The insurance company denied my workers compensation claim in D.C. and I received a form to apply for a Formal Hearing. What can I expect at the Formal Hearing in D.C.?

A Formal Hearing for a workers compensation case in the District of Columbia is like a condensed trial.  After filing an application for the Formal Hearing, the injured worker (now called the claimant) and the workers comp insurance company will receive a scheduling order.  The scheduling order will give the hearing date and discovery deadlines.  Like a civil case in Superior Court, federal courts or other state courts, the parties are entitled to discovery - depositions, interrogatories, subpoenas, de bene esse depositions are common in D.C. workers compensation cases.

Typically, exhibits are filed in advance of the hearing, according to the scheduling order deadlines.  An Administrative Law Judge (ALJ) will preside over the hearing and issue a decision in the case, in the form of a Compensation Order, often several weeks to months following the hearing.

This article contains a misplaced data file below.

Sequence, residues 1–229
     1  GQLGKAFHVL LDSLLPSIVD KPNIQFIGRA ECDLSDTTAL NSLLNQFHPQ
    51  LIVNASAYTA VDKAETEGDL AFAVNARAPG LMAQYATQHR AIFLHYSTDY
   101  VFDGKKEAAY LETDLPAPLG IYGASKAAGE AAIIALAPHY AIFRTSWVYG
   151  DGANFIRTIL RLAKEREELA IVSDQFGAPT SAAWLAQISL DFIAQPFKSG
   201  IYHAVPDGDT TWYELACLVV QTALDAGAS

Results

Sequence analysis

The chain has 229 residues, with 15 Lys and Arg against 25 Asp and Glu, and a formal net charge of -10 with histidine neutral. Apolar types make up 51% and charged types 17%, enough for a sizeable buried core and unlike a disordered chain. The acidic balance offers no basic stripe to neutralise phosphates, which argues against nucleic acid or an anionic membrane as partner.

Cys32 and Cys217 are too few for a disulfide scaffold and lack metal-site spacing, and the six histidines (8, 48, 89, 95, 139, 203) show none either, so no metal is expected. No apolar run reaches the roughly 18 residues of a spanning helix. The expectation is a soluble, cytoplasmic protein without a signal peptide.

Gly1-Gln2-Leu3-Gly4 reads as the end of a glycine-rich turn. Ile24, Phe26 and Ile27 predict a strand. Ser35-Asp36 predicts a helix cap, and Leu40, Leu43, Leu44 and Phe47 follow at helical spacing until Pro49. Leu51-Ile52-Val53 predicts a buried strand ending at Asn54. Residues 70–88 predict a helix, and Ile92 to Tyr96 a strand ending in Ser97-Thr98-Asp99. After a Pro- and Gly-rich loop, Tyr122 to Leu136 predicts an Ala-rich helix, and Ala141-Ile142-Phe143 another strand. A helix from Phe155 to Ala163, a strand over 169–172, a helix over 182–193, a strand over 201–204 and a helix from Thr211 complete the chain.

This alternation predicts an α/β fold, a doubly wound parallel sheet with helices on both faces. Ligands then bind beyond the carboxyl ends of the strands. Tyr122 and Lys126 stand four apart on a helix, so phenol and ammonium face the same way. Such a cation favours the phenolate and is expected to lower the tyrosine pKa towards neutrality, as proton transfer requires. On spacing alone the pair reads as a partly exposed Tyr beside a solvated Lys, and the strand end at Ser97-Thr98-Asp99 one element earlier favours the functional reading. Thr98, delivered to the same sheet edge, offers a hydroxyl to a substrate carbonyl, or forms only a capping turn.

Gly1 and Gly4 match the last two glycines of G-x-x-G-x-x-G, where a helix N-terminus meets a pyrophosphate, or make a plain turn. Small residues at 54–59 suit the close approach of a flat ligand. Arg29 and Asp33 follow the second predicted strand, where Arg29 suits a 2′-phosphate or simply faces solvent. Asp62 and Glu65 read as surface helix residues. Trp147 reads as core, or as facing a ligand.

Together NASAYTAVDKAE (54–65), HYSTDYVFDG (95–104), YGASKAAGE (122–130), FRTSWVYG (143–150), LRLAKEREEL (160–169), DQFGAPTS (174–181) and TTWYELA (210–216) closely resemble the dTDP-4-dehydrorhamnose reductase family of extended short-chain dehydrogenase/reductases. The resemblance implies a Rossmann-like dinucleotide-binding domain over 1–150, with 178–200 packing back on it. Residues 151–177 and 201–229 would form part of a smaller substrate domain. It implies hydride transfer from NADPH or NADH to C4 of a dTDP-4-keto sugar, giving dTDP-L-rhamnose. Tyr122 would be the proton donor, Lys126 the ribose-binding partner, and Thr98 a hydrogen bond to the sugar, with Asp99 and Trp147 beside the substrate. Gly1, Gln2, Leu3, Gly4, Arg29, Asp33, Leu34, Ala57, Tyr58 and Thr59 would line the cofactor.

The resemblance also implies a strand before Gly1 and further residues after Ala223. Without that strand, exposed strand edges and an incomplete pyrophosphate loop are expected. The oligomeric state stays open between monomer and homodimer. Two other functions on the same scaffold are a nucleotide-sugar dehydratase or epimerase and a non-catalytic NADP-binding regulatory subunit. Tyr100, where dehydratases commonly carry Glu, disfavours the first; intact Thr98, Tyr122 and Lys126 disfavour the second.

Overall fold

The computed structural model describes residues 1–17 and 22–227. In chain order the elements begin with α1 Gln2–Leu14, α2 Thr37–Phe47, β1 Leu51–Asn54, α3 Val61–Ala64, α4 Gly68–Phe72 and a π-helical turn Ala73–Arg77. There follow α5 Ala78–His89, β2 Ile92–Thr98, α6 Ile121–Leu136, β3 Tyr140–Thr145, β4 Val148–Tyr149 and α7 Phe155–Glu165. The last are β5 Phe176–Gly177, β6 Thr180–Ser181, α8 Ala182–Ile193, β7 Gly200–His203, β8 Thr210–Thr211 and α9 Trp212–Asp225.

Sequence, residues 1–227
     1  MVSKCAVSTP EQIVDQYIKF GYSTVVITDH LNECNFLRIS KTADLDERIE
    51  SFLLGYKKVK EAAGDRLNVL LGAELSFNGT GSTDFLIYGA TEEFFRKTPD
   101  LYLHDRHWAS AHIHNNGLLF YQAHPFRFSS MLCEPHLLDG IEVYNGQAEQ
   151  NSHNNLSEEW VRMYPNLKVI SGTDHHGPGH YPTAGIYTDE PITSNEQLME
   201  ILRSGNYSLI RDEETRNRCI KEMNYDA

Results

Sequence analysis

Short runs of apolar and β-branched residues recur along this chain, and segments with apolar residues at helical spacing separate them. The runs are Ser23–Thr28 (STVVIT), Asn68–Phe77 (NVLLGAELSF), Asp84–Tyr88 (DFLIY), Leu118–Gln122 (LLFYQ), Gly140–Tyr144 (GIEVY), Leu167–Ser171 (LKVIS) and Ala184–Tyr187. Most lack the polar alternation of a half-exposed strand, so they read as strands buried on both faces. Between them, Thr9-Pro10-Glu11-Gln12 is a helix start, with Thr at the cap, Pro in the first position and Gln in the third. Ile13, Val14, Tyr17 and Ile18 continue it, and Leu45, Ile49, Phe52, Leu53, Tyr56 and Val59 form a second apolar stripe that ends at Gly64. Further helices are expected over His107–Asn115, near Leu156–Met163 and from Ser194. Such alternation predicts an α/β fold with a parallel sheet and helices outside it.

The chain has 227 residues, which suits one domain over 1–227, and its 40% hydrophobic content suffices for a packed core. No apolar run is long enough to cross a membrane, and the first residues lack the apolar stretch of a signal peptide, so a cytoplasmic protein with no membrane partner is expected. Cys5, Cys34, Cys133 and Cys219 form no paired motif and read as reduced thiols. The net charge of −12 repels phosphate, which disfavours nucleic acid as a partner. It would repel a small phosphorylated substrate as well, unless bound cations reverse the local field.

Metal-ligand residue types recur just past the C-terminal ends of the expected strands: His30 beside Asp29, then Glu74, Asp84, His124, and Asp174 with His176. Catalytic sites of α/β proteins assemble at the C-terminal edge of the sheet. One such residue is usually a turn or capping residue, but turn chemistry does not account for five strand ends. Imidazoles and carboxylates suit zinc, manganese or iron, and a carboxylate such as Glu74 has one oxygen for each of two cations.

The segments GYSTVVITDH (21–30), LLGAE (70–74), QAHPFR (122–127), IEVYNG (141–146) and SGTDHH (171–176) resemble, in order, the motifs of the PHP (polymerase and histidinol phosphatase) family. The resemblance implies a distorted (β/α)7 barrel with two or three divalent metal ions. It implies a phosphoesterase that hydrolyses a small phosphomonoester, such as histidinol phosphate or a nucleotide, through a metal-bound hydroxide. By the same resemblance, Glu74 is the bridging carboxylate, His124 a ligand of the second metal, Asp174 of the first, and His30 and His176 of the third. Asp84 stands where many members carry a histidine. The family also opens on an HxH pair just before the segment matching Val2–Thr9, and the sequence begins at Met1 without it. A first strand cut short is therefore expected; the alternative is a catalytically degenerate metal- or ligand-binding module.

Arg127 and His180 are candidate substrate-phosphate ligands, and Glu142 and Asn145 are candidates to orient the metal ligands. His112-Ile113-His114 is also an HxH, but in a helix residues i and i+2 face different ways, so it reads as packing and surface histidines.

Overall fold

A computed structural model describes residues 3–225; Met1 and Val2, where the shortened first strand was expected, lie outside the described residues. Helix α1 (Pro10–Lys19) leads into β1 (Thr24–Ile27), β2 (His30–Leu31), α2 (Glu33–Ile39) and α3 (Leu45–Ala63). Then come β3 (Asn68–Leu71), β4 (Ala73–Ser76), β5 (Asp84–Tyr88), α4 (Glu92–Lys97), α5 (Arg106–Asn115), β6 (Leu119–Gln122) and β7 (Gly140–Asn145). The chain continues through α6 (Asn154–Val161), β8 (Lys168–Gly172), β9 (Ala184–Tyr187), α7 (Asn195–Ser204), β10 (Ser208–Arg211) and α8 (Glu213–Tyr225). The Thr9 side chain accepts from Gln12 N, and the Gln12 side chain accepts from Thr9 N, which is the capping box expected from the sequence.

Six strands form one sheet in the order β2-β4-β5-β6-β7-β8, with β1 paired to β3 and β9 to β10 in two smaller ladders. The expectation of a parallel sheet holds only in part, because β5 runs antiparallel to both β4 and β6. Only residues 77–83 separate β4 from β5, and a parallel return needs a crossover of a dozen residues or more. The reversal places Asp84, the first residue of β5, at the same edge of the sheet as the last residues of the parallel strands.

At the hearing most ALJs will informally discuss the issues and exhibits before going on the record.  Once on the record, most ALJs will state the parties' issues and positions then allow opening statements.  Witnesses will testify under oath, and be subject to cross examination.

Most ALJs will then allow closing arguments from both sides.     Basically, the process is a trial - just faster.